End of the Tomato Season – 2020

The season is over, all the plants are pulled up and the harvest processed, stored and ready for use over the winter.

Its been a peculiar year for a number of (largely unrelated) reasons. I terms of the size of the crop, its been good (a total of just over 40kg of useable tomatoes of various sizes and colours). I’m slightly surprised at this because my plants have been affected by some form of disease which I have at various times thought to be blight, wilt or bacterial canker. After all my searching through the web and asking others what they thought, I remain perplexed. It certainly wasn’t late blight because the plants (whilst “poorly”) survived and the fruit ripened successfully. However, the fruit had the small “halo” marks typical of bacterial canker (as far as I can tell) but they all seemed to survive and tasted as good as I would expect.

I had more plants than I would normally have grown because COVID-19 prevented me from offloading plants to my children as I would normally expect so their plants (all determinate varieties) added to the plants grown at home.

More of those plants were grown outdoors as my polytunnel after many years of service succumbed to the wind and the cover split. Its now been converted to a netting cover which keeps the squirrels out but does nothing about the weather. Again, the original plan was to plant strawberries but COVID got in the way of my purchasing. Growing them in the greenhouse meant that there wasn’t room for any peppers, something I need to correct next year.

The Good, The Bad and The Indifferent?

There are some tomato cultivars I try to grow every year because I like them. Then there are new varieties which I haven’t grown before and finally there are the bulk tomatoes, grown to make up the numbers and make sure there are enough tomatoes to eat, freeze & chutney. (I’ve tried to colour code the next bit).

Successes for the year have been: Brown Berry; Darby Stripe; Green Grapes; Marizol Gold; Oleron Yellow; Rosella; Sandpoint; Summer Cider

So all of these go forward to 2021

Failures have been: Brad’s Atomic; Ildi; Lemon Tree; Pink Brandywine; Tumbling Tom Red

Brad’s Atomic was a complete failure. The fruits were soft and squidgy and really poor tasting they didn’t even look nice. Lemon Tree had the typically mealy flavour of many yellow tomatoes and a very thick skin which didn’t help. Ildi, Pink Brandywine and Tumbling Tom Red just didn’t crop very well.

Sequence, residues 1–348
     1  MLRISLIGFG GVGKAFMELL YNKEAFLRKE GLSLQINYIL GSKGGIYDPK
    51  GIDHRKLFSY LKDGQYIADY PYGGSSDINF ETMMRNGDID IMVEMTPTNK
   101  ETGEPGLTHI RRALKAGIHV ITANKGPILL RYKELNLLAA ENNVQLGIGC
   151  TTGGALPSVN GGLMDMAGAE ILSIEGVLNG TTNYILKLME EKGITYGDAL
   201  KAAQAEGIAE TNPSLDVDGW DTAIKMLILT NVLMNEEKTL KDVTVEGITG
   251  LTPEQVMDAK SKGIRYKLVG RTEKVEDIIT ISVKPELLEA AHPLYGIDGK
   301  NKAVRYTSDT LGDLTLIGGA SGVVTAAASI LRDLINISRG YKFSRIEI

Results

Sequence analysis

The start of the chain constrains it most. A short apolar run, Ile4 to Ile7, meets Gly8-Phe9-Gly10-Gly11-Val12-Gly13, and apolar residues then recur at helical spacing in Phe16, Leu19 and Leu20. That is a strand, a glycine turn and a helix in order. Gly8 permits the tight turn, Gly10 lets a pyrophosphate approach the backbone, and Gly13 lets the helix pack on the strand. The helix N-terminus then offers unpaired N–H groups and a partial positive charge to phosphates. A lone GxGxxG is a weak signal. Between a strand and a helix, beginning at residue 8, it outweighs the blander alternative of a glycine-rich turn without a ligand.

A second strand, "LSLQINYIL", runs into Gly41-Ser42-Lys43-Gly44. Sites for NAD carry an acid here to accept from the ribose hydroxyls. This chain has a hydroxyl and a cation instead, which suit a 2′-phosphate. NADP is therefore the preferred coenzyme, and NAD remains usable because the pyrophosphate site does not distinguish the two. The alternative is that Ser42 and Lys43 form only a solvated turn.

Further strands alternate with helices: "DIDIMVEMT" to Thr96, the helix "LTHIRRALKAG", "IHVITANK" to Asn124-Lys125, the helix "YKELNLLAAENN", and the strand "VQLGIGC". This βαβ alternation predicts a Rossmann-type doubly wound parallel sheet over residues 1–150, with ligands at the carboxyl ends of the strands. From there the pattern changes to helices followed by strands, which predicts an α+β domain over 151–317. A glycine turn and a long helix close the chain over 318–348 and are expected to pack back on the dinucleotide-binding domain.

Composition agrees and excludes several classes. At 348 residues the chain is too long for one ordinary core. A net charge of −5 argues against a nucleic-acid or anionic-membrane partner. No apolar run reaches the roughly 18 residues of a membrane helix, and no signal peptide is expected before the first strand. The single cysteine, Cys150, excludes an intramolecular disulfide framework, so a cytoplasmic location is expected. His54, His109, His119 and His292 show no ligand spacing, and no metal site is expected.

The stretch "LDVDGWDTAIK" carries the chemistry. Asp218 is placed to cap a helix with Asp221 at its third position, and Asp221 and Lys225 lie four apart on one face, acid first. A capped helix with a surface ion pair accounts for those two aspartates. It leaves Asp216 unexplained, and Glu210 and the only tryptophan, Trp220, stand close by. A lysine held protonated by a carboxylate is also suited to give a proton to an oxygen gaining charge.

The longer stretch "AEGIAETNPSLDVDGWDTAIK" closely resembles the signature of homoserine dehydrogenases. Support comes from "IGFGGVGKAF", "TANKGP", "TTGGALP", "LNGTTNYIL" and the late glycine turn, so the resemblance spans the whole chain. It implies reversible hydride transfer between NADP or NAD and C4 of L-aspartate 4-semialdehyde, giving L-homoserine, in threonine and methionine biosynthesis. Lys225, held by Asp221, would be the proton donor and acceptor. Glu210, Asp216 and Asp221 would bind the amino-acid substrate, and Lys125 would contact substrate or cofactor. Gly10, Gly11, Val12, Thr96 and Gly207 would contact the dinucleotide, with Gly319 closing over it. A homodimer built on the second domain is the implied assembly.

All the others have done acceptably well but really not the “stand-out” success one would hope for: Ailsa Craig; Bloody Butcher; Blue Ambrosia; Crimson Crush; Dancing with Smurfs; Father Frost; Garden Pearl; Gardener’s Delight; Heinz 9129; Kumato; Maskotka; Mortgage Lifter; Mountain Magic (F2); Principe Borghese; Quedliberger Fruhe Liebe; Red Robin; Tiny Tim.

Now the above is based mainly upon flavour and quantity. However, I will say that Kumato, Blue Ambrosia and Dancing with Smurfs probably deserve a second chance. Whilst their flavour is nothing to write home about, their colour is different enough to make them of interest.

In addition, Bloody Butcher I grow because I like the fact that its early (but this year it wasn’t particularly early beaten by Maskotka and a couple of others and Mortgage Lifter, I just like the story behind it.

Next Year (2021)

Because my plants got “something” I’m not taking part in the tomato seed swap this year (I wouldn’t want to distribute some disease). I’m also going to have to make sure all my pots, tubs & greenhouses are squeakily cleansed and use new compost (I usually half fill my growing pots with garden compost and that could be the source). So, unless I buy some seed, I won’t have a range of new varieties to try. I also want to make sure I’ve space for some peppers (as well as cucumbers and physalis) so that will (potentially) mean fewer plants.

Thus I need to concentrate on plants that crop well and tasted nice for their use.